Guwahati a Saddle Pass, India

A Worldly Journey to the Sacred Canyon of Sela

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PN Kaziranga, India

The Indian Monoceros Stronghold

Situated in the state of Assam, south of the great Brahmaputra river, PN Kaziranga occupies a vast area of ​​alluvial swamp. Two-thirds of the rhinocerus unicornis around the world, there are around 100 tigers, 1200 elephants and many other animals. Pressured by human proximity and the inevitable poaching, this precious park has not been able to protect itself from the hyperbolic floods of the monsoons and from some controversies.
Majuli Island, India

An Island in Countdown

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Chandor, Goa, India

A True Goan-Portuguese House

A mansion with Portuguese architectural influence, Casa Menezes Bragança, stands out from the houses of Chandor, in Goa. It forms a legacy of one of the most powerful families in the former province. Both from its rise in a strategic alliance with the Portuguese administration and from the later Goan nationalism.
Lion, Elephants, PN Hwange, Zimbabwe
safari
PN Hwange, Zimbabwe

The Legacy of the Late Cecil Lion

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Herd in Manang, Annapurna Circuit, Nepal
Annapurna (circuit)
Annapurna Circuit: 8th Manang, Nepal

Manang: the Last Acclimatization in Civilization

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Mother Armenia Statue, Yerevan, Armenia
Architecture & Design
Yerevan, Armenia

A Capital between East and West

Heiress of the Soviet civilization, aligned with the great Russia, Armenia allows itself to be seduced by the most democratic and sophisticated ways of Western Europe. In recent times, the two worlds have collided in the streets of your capital. From popular and political dispute, Yerevan will dictate the new course of the nation.
Bungee jumping, Queenstown, New Zealand
Adventure
Queenstown, New Zealand

Queenstown, the Queen of Extreme Sports

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MassKara Festival, Bacolod City, Philippines
Ceremonies and Festivities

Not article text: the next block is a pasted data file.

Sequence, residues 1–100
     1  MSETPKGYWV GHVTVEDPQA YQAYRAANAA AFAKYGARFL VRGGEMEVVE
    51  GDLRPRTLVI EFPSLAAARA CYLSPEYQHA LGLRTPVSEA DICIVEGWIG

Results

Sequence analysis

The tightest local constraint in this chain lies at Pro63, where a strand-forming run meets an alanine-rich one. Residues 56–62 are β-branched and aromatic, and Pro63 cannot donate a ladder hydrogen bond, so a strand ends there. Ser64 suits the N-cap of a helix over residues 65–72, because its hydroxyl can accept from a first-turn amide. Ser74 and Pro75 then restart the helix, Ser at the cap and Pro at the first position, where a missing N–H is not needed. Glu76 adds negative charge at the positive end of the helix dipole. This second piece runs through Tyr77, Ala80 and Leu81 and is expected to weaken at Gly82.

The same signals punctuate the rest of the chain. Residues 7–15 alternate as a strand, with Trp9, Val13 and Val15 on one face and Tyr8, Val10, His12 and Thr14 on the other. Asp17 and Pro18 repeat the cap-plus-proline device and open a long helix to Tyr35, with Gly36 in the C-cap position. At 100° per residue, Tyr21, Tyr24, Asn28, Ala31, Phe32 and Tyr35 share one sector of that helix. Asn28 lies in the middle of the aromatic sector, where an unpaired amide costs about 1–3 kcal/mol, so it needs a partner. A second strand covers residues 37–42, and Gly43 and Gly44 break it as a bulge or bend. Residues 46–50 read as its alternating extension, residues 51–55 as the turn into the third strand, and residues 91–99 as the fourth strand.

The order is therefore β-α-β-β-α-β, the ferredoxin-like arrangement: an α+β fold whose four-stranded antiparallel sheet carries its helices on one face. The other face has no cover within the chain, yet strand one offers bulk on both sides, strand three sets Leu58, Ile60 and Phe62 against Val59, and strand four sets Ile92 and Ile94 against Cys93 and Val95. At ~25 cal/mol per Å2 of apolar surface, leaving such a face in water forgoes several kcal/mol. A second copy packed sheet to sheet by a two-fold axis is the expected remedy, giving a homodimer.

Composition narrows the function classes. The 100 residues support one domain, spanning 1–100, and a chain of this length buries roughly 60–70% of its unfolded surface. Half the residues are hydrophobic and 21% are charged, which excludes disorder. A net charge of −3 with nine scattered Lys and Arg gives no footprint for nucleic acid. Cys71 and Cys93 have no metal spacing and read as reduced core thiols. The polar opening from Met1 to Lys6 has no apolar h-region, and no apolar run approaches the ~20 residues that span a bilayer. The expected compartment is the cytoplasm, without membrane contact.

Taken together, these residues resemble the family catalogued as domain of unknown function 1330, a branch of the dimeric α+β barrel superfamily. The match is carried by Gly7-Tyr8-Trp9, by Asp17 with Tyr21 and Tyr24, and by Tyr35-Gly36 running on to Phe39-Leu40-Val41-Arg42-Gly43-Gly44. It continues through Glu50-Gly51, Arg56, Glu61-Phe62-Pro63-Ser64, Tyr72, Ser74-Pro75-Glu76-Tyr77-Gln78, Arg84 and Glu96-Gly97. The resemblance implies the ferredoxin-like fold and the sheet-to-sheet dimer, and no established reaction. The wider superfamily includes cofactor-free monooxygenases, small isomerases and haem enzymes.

Bacolod, Philippines

A Festival to Laugh at Tragedy

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Lutheran Cathedral overlooking and at dusk Helsinki, Finland
Cities
Helsinki, Finland

The Suomi Daughter of the Baltic

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Meal
World Food

Gastronomy Without Borders or Prejudice

Each people, their recipes and delicacies. In certain cases, the same ones that delight entire nations repel many others. For those who travel the world, the most important ingredient is a very open mind.
Culture
Pueblos del Sur, Venezuela

The Pueblos del Sur Locainas, Their Dances and Co.

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combat arbiter, cockfighting, philippines
Sport
Philippines

When Only Cock Fights Wake Up the Philippines

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travel western australia, surfspotting
Traveling
Perth to Albany, Australia

Across the Far West of Australia

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Cobá, trip to the Mayan Ruins, Pac Chen, Mayans of now
Ethnic
Cobá to Pac Chen, Mexico

From the Ruins to the Mayan Homes

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Got2Globe Photo Portfolio
Got2Globe Portfolio

life outside

António do Remanso, Quilombola Marimbus Community, Lençóis, Chapada Diamantina
History
Sheets of Bahia, Brazil

The Swampy Freedom of Quilombo do Remanso

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Jean Marie Tjibaou Cultural Center, New Caledonia, Greater Calhau, South Pacific
Islands
Grande Terre, New Caledonia

South Pacific Great Boulder

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Horses under a snow, Iceland Never Ending Snow Island Fire
Winter White